Friday, Aug. 2, 2013

Have a safe day!

Friday, Aug. 2

10:30 a.m.
Research Techniques Seminar (NOTE LOCATION) - One West
Speaker: Takaki Hatsui, RIKEN Spring-8 Center
Title: SOI Pixel Sensor Process: Lessons Learned from the Development of SOPHIAS, a Sensor for X-Ray Free-Electron Laser Experiments

3:30 p.m.


Monday, Aug. 5


3:30 p.m.

4 p.m.
All Experimenters' Meeting - Curia II

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a weekly calendar with links to additional information.

Ongoing and upcoming conferences at Fermilab


Take Five

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Secon Level 3

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Flags at full staff

Wilson Hall Cafe

Friday, Aug. 2

- Breakfast: chorizo and egg burrito
- Breakfast: blueberry-stuffed French toast
- Teriyaki chicken breast
- Smart cuisine: white-fish florentine
- Country fried steak
- Baked ham and Swiss ciabatta
- Shrimp and crab scampi
- Clam chowder
- Texas-style chili
- Assorted pizza by the slice

Wilson Hall Cafe menu
Chez Leon

Friday, Aug. 2

Wednesday, Aug. 7
- Chicken vindaloo
- Plum tart with goat cheese and walnut-thyme streusel

Chez Leon menu
Call x3524 to make your reservation.


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In Brief

New training requirement for all Fermilab supervisors and managers

All supervisors and managers are required to complete a series of three management courses by Aug. 1, 2015: Managing within the Law, Interaction Management and Performance Review. These courses will be listed on your Individual Training Summary in TRAIN once your manager updates it. Courses you have already taken will be listed as complete.

The three courses are now required for all supervisors and managers as an update on human resources law, employee coaching and performance review. These courses are also included in the Fermilab Management Practices Seminar, a series of six courses that all new supervisors are required to complete. Course descriptions and enrollment are available online. If a class is filled, please enter your name on the waitlist so you can be notified of the next scheduled class.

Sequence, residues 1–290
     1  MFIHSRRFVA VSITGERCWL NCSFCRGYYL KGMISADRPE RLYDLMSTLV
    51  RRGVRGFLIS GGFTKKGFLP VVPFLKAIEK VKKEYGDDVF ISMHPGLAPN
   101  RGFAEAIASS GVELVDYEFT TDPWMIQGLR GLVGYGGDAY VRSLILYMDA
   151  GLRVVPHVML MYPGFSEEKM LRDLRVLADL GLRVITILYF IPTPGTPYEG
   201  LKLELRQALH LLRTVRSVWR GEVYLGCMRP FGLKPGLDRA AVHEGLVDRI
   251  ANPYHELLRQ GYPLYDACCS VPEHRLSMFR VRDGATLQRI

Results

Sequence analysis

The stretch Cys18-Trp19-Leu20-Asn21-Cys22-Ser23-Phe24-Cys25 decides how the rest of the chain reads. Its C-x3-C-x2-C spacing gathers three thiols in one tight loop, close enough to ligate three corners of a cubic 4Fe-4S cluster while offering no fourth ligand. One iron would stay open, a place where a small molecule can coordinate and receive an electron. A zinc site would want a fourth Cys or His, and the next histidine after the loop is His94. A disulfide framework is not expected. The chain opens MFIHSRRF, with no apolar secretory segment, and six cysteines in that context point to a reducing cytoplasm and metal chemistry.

In Brief

Atrium stairways to receive new lighting fixtures

Work will begin today on the installation of new, brighter LED light fixtures in the Wilson Hall atrium east and west stairways. This work will result in a brighter and safer environment for people using them. Work will begin on the east stairs and will require the closure of two floors at a time. Each floor will be closed for approximately two days. When the east side is complete, work will move to the west side. All lighting fixture work is scheduled to be completed by the end of August.

We appreciate your patience in the completion of this last installment of the stairway safety improvements project.

Photo of the Day

Pups on a stoop

Coyote pups hang out on some steps by Road A1. Photo: Donna Iraci, BSS
From symmetry

CERN artist-in-residence develops ear for physics

Sound artist Bill Fontana taps into the music of the Large Hadron Collider. Photo: Christoph Rembser

When Bill Fontana visits a cafe, he's one of many customers wearing headphones. To a casual observer, he looks like someone in his own private world, cut off from the life around him.

In fact, it's the opposite: Tiny, sensitive microphones are amplifying the sounds of the cafe—the clatter of dishes in the kitchen, the laughter of the people at the table next to him, the espresso machine hissing and bubbling—and pumping them into his ears.

Fontana devotes his life to capturing and treasuring the music of the moment.

It was in this spirit that he applied for the Prix Ars Electronica Collide@CERN award, for which a digital artist receives a monetary prize and a three-month residency made possible through a collaboration between CERN and international cyberarts organization Ars Electronica with funding from external private donors.

Fontana, 66, grew up in Cleveland, Ohio, in walking distance from the Cleveland Orchestra. He composed music in the 1960s and began creating his first pieces of audio art in 1976. For the past three decades, his artistic palette has been the latent sounds of the world.

Read more

Kelly Izlar

In the News

Focus: Testing relativity using Earth's motion

From Physics, July 29, 2013

Many theories that go beyond the standard model of particle physics, such as string theories, predict violations of relativity. Now a team has searched for two types of such violations at an unprecedented precision using a new technique involving the element dysprosium, as they report in Physical Review Letters. The team looked for long-term variations in the energy of a specific atomic transition and found no violations. But they say refinements of their experiment may eventually lead to measurements 1000 times more precise than current experiments—opening up a new avenue to probe for signs of physics beyond the standard model.